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can use it as a paperweight?
on 30 March 2015
This is one of the worst books I’ve read in the last twelve months!
A sweeping statement, perhaps? Let’s examine my reasoning.
First up, why did I buy it? In this case I was travelling at short notice and without my trusty Kindle, so nothing at hand to read. I live in a country where finding English-language books is like stumbling over a five-carat diamond while walking in the park. In my desperation for something decent to while away a few hours, I discovered that a branch of a well-known French hypermarket nearby carried books in several languages. Their shelves groaned… no they didn’t, there were less than twenty titles in English, and once I had eliminated those I had previously read and those genres that do not appeal to me, I wasn’t exactly spoilt for choice – one book left. Now, seeing the author was Chris Ryan should have been a guarantee of a reasonable action thriller without too much to task the neurons. This was my first mistake.
Fans of this author can usually expect a solid thriller, technically correct, given the man’s experience, and entertaining. This ‘story’ doesn’t fall under that description.
In essence it’s a collection of four intense action scenes (over long in some cases) populated by one-dimensional characters, totally lacking in any convincing argument for their deeds. The storyline was paper-thin, no, almost translucent would be a better description, and only served to move the protagonist as quickly as possible from one episode of violence to the next. My second mistake was to keep reading with the ignorant hope of tripping over, not a diamond, but something that would make the book something less than an exercise in how not to write thrillers.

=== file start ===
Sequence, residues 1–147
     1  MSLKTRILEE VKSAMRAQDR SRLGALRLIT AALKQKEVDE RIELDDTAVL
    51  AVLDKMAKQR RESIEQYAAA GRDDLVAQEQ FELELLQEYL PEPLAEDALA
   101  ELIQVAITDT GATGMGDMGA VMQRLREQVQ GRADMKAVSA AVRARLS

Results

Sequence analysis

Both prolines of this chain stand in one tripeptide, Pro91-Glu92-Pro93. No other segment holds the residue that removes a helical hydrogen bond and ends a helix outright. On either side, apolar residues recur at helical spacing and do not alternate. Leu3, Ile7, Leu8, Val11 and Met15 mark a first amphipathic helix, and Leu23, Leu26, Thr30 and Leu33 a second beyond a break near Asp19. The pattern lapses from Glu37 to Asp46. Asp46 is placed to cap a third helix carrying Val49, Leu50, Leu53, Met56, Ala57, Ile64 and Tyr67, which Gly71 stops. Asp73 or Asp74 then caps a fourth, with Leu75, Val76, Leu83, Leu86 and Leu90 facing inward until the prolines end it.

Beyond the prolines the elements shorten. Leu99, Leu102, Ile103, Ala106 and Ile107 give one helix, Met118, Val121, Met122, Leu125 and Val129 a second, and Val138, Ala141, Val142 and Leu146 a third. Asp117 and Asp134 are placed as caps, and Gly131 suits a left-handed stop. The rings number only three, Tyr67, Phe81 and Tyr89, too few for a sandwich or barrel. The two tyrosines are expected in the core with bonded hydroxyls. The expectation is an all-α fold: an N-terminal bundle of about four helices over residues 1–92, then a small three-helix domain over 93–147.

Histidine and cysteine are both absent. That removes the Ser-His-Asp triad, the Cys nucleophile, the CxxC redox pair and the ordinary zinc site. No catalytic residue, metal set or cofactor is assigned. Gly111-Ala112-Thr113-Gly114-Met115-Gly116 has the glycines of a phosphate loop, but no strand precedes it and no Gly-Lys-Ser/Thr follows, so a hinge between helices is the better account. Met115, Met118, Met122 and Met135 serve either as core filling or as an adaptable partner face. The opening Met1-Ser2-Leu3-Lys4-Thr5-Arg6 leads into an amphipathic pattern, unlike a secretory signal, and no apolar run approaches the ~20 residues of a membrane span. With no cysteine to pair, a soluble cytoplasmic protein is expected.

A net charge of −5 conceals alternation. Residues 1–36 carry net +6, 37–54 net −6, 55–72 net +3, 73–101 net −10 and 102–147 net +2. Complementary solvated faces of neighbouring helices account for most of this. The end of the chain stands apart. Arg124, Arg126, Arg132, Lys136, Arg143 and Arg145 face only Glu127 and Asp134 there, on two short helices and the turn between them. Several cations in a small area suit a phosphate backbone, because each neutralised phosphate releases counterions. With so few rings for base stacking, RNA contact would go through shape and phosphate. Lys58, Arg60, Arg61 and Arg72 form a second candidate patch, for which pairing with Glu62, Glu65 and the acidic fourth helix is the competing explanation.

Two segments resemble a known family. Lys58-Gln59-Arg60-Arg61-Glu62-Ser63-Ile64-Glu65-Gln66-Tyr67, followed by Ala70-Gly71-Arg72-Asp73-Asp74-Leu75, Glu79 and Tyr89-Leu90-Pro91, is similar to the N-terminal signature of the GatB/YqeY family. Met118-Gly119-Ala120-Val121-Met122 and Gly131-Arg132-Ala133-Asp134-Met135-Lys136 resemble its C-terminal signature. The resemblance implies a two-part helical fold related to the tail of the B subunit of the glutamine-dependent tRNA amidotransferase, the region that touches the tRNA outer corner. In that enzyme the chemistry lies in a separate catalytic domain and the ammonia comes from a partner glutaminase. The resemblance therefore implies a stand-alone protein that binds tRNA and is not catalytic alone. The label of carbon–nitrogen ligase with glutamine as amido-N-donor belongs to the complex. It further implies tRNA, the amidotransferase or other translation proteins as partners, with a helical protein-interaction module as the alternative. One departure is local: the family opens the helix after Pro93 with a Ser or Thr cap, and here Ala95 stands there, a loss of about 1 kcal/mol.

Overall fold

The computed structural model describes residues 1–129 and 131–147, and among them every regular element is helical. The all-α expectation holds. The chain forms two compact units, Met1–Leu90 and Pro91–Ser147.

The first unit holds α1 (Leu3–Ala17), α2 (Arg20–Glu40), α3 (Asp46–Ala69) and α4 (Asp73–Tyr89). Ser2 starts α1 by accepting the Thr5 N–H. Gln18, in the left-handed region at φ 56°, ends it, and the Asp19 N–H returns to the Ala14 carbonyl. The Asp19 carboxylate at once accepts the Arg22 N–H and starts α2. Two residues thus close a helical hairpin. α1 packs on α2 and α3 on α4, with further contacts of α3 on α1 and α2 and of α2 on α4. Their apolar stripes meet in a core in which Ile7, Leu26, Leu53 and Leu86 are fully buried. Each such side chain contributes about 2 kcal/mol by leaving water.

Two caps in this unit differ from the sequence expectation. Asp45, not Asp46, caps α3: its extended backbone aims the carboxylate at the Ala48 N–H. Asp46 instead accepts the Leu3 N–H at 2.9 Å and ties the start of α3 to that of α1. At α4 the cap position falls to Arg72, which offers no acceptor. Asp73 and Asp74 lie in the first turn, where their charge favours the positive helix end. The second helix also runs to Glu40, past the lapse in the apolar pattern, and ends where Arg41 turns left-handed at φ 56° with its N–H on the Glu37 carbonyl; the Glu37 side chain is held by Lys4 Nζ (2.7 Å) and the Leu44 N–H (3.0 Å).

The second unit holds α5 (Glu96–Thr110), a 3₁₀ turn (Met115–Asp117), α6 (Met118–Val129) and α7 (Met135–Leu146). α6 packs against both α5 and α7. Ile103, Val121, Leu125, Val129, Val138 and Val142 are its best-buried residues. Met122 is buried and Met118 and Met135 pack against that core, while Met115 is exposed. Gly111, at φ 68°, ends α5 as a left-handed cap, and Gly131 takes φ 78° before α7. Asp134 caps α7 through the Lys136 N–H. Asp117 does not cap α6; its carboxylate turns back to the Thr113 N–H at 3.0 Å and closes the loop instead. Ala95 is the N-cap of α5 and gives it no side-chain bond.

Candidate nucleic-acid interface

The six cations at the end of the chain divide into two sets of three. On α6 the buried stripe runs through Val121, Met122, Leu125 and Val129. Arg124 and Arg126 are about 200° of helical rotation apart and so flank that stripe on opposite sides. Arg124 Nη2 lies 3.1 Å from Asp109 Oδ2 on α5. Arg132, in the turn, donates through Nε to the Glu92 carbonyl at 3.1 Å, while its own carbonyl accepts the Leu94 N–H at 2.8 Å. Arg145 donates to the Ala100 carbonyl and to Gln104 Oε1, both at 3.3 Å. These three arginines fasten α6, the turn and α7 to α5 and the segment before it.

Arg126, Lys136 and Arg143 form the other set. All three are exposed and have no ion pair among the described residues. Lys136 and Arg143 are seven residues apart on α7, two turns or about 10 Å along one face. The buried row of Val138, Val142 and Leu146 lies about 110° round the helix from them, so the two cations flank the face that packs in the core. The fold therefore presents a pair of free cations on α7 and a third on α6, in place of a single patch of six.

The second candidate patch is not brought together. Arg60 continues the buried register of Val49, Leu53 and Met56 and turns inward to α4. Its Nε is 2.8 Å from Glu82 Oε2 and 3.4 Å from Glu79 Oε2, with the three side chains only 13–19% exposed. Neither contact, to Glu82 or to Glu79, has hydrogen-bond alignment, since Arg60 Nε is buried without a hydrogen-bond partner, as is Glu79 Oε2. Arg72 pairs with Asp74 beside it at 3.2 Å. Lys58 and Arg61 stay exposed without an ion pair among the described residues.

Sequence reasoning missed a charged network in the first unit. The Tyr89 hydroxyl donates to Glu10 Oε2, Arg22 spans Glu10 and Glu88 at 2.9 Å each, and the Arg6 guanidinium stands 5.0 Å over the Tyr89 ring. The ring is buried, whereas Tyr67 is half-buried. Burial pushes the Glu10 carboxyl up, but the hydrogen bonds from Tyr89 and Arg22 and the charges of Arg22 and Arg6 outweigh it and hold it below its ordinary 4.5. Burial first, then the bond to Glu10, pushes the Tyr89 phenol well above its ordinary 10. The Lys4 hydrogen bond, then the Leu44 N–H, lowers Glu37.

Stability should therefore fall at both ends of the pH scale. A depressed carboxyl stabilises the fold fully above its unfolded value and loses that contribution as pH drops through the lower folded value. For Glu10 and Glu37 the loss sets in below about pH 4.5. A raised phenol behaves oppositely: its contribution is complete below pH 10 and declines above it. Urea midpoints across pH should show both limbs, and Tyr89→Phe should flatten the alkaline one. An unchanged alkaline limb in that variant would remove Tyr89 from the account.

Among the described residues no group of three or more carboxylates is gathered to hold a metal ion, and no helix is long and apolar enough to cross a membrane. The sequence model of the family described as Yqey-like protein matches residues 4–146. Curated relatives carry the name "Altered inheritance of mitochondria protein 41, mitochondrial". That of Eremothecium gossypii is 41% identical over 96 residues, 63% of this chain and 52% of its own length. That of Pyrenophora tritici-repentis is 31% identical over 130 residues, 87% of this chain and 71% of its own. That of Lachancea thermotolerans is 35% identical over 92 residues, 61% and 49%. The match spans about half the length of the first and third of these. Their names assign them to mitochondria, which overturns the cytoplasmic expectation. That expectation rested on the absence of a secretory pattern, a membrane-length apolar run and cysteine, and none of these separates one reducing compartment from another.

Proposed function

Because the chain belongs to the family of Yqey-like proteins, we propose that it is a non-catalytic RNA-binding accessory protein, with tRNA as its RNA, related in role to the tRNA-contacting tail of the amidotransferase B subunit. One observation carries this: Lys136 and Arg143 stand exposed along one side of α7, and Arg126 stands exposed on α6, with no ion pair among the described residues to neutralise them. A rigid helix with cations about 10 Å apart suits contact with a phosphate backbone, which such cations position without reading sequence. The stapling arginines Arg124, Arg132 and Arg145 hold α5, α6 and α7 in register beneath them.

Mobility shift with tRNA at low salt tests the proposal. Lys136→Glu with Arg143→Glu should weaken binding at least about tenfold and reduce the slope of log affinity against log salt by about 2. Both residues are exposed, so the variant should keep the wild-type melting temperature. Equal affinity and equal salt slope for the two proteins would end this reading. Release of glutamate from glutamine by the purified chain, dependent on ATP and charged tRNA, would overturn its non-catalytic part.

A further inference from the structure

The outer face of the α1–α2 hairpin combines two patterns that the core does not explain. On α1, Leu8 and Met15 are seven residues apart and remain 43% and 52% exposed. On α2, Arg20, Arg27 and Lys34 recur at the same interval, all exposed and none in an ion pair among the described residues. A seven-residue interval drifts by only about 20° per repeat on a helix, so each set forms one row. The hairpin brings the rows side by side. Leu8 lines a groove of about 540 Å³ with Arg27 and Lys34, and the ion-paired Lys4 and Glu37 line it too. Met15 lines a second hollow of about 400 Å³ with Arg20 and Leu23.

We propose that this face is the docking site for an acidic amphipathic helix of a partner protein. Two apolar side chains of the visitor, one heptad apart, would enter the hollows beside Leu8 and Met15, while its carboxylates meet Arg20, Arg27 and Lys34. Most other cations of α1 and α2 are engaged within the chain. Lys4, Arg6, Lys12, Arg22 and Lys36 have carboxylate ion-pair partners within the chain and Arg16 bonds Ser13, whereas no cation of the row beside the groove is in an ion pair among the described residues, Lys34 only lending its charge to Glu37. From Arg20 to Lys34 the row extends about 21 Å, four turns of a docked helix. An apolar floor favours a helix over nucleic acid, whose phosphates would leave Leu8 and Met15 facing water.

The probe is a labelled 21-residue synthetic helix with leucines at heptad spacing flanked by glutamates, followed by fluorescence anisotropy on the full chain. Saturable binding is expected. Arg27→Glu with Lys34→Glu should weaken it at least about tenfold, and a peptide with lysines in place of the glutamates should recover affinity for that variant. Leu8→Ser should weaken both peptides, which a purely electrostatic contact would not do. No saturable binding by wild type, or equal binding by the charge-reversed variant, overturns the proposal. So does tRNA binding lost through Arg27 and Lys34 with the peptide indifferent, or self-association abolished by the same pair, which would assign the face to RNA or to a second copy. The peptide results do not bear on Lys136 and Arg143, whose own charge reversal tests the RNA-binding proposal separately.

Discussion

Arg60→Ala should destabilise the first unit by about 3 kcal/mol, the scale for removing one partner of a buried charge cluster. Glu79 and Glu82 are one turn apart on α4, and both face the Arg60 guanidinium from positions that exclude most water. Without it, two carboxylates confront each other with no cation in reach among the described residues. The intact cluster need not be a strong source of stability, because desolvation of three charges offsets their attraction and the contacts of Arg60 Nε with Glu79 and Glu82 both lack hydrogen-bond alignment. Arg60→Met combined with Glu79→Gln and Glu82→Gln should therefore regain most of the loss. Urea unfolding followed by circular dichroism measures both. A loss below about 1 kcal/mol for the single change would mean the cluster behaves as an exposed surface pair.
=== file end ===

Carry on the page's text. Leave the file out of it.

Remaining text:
Well I finished it and felt ripped-off.
Now, a further development: As I went to Amazon to post this review, and warn other potential unsuspecting victims, I discovered the author had previously released each of the four action scenes as ‘novelettes’ in their own right and therefore this manifestation was an attempt to monetise the ‘work’ done producing them. Now I feel doubly ripped-off – there’s no indication in the book’s blurb this was the origin of said piece of literary wool-pulling. I’m not even going to give the author an additional star for effort on this one. I wonder if I can use it as a paperweight?
Most definitely NOT RECOMMENED!